This Friday, three massive billboards will debut along the High Line, but instead of blasting consumerism, the art installation by Kim Beck hopes to provoke visitors to think of public space. From the High Line: “Kim’s work will encourage park visitors to reconsider the water towers, exhaust pipes, HVAC systems, roof decks, green roofs, and other building elements that are integral components of the cityscape views along the High Line.”
Called Space Available, Beck will install three “skeletal” blank billboards. Experiencing the signs from different angles can provide the illusion of three dimensionality, when in fact each sign is really flat.
If you thought the pace of life in Manhattan couldn’t get any more hectic, think again. Photographer Josh Owens has compiled a stunning collection of time lapse scenes from around New York. Despite its fast pace, there’s something distinctly calming about the hustle. (Via swissmiss.)
Towering Ambition. An amazing exhibition that recreates some of the world’s most iconic buildings in miniature is ongoing at the National Building Museum in Washington, D.C through September 5th. Design Quarterly has more info on the Lego structures by Adam Reed Tucker (via Notcot) and the NBM has an interview. (There’s also a lecture on architectural toys planned this Thursday.)
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A new convention center in Texas is wrapped in a skin of delicate copper circles that appear to float in midair.
Located halfway between sister cities Dallas and Fort Worth, the Las Colinas master-planned community is an ideal place for the newly opened Irving Convention Center. It is also a natural setting for the copper facade that architect RMJM Hillier designed for the 275,000-square-foot, $133 million project. Fabricated by architectural metal and glass innovator A. Zahner Company, its angular walls rise from the ground like a sun-baked geological formation.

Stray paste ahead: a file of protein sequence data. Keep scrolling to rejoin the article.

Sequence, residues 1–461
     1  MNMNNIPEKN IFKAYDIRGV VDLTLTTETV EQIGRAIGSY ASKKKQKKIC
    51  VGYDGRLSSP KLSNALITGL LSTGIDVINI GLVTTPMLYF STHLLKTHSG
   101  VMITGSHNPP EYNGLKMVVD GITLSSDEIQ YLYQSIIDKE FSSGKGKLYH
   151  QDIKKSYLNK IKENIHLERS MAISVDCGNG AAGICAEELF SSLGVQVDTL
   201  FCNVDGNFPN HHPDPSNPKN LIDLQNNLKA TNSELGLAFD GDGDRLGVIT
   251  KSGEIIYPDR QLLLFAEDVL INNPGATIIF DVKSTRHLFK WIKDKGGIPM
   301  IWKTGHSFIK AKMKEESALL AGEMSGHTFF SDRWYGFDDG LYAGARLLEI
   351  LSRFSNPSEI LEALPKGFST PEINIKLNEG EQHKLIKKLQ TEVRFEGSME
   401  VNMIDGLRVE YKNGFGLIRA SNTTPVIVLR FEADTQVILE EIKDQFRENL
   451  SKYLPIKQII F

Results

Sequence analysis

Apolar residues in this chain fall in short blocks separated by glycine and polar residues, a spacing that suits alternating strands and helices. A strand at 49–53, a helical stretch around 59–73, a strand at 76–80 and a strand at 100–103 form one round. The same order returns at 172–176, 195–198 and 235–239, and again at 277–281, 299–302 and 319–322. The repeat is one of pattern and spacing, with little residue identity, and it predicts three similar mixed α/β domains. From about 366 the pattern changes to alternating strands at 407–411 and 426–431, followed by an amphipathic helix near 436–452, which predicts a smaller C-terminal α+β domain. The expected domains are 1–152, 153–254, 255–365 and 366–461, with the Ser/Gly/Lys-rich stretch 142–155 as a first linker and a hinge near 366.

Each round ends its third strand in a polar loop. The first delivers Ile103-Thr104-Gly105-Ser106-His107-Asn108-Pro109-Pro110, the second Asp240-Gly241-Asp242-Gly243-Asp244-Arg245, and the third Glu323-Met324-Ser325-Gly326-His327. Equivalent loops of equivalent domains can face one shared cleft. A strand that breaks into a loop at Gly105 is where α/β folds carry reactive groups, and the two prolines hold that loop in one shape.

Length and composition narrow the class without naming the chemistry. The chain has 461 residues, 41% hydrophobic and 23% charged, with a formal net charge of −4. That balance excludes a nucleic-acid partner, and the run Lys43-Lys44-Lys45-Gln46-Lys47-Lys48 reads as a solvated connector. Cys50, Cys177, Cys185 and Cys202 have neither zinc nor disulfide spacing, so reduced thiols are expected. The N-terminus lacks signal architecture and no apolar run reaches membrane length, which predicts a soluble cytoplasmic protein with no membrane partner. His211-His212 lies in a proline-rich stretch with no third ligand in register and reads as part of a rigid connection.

Manhattan Borough President Scott Stringer pulled together a stellar panel of World Trade movers and shakers to update the community Wednesday night, but the crowd wasn’t impressed. Chris Ward, executive director of the the Port Authority, was joined at the podium by LMDC Chair Avi Schick, DOT Lower Manhattan Commissioner Louis Sanchez, Downtown Alliance President Elizabeth Berger, president and CEO of the memorial Joe Daniels, State Senator Dan Squadron and Congressman Jerry Nadler. Silverstein Properties’ Malcolm Williams breezed through a PowerPoint update detailing progress of the four towers at the site. Ward’s presentation showed the robust ribs of the Calatrava structure from underneath the plaza. But Sanchez’s presentation outlining plans for the accommodating tour buses took on the most scrutiny.
Keeping Cooper. There’s a fight brewing over the demolition of the 186-year-old 35 Cooper Square. A demolition permit had been issued and subsequent stop work orders and candlelight vigils. The small federal style structure was once home to descendants of Peter Stuyvesant and beatnik Diane DiPrima. Keep tabs on the little building at EV Grieve and the Bowery Alliance (And in other Cooper Square preservation news, what’s going to happen to the Astor Place mosaics under the planned pedestrian plaza upgrades?)